Does Your Company Have a S.W.O.T. Team?

Does your company have a SWOT Team? I am not referring to a group of guys toting rifles to shoot down the guy that has robbed the bank and taken hostages. I am talking about a group of leaders that are focused on understanding the Strengths, Weaknesses, Opportunities and Threats (SWOT) of your business. As this economy becomes more and more global and challenging we have to at least annually do an internal report card on how our companies measure up.

How do contractors get started in doing a SWOT analysis? They take some time away from the day-to-day grind, go ask themselves the following questions, and then discuss and debate the answers.

Strengths: What advantages does your company have in the marketplace? What does your company do better than anyone else? What unique or low-cost resources does your company have access to? What do others see as your company’s strengths?

Weaknesses: What could your company improve on? Where does your company have fewer resources than your competition? (People, capital, etc.) What should your company avoid? What are others likely to see as your company’s weaknesses?

Threats: What obstacles does your company face? What is your company’s competition doing? Are the required specifications for your job, products or services changing? Is changing technology threatening your company’s position in the marketplace? Could any of your company’s weaknesses seriously threaten your business?

Opportunities: What good opportunities are open to your company? What trends could you take advantage of? (i.e. Changes in age of population, lifestyle, etc.) Looking at your company’s strengths, how can you turn these into opportunities?

A SWOT analysis helps an organization define what makes them unique while outlining the organization’s strategic advantages so that they can leverage these in the marketplace. Pretty simple, right? Wrong! These are hard questions that need a hard look with objective viewpoints being discussed and debated. The stripes need to come off during these discussions and by that I mean that the head of the organization needs to make sure that his team opens up and really tells it like it is. This discussion needs to be free of rank and penalty relative to opinions. Once you agree it is important to understand the SWOT for your organization, you should also agree that you should do this exercise for your major competitor. If your business is in a market that is growing then everyone can ride the positive curve. But if your market isn’t growing then the only way to grow is to take market share from someone else. In order to do that you need to focus your strengths on your competitor’s weaknesses.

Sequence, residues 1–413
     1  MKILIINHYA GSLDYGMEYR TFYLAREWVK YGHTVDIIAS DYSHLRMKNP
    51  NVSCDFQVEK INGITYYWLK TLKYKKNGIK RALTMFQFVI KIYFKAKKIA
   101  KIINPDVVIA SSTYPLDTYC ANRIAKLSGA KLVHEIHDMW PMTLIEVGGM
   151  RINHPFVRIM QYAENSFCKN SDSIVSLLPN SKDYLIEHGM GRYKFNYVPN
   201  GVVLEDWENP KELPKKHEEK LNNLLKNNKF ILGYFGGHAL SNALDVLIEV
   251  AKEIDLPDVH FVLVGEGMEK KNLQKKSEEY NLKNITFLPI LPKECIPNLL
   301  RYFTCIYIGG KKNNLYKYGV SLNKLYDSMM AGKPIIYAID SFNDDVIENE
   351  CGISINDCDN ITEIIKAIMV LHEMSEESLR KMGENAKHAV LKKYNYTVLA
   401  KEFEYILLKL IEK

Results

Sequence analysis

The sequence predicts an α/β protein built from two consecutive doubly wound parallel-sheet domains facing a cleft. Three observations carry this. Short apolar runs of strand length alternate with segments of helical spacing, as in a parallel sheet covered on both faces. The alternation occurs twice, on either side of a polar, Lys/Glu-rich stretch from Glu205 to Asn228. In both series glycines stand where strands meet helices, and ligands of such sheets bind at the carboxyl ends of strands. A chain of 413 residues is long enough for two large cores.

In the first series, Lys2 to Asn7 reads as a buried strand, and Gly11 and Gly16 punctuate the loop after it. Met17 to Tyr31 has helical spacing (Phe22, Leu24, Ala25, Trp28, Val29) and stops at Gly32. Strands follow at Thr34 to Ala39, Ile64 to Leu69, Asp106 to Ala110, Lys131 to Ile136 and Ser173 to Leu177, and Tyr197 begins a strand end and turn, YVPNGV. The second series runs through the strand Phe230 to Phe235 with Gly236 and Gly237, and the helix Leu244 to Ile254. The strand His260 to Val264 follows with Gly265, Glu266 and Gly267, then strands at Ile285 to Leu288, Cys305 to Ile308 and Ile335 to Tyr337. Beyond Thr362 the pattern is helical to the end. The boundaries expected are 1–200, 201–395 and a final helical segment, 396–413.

As you contemplate whether your company has the time, energy and manpower to spend on this endeavor let me ask you a question: How will you feel if you learn your major competitor is doing their SWOT right now? By the way, what if they will be wrapping up their strategic planning by doing a SWOT on your company?

Roger Bostdorff, president of B2B Sales Boost, a consulting company helping organizations improve their sales and overall business processes. He will be presenting two sessions at National Pavement Expo, Feb. 15-18 in Memphis. For more information visit www.nationalpavementexpo.com. Visit www.b2bsalesboost.com or call 419-351-4347 for more information. To receive the B2B Sales Boost Newsletter send an email to sales@b2bsalesboost.com.

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